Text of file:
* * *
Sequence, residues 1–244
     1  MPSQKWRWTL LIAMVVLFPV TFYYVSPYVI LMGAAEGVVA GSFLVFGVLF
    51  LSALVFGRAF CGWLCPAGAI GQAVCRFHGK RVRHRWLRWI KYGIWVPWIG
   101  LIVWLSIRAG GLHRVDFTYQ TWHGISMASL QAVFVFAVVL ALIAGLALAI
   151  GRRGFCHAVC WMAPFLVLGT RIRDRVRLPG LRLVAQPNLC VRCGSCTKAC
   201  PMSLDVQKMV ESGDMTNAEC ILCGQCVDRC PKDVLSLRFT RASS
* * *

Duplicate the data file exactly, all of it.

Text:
Sequence, residues 1–244
     1  MPSQKWRWTL LIAMVVLFPV TFYYVSPYVI LMGAAEGVVA GSFLVFGVLF
    51  LSALVFGRAF CGWLCPAGAI GQAVCRFHGK RVRHRWLRWI KYGIWVPWIG
   101  LIVWLSIRAG GLHRVDFTYQ TWHGISMASL QAVFVFAVVL ALIAGLALAI
   151  GRRGFCHAVC WMAPFLVLGT RIRDRVRLPG LRLVAQPNLC VRCGSCTKAC
   201  PMSLDVQKMV ESGDMTNAEC ILCGQCVDRC PKDVLSLRFT RASS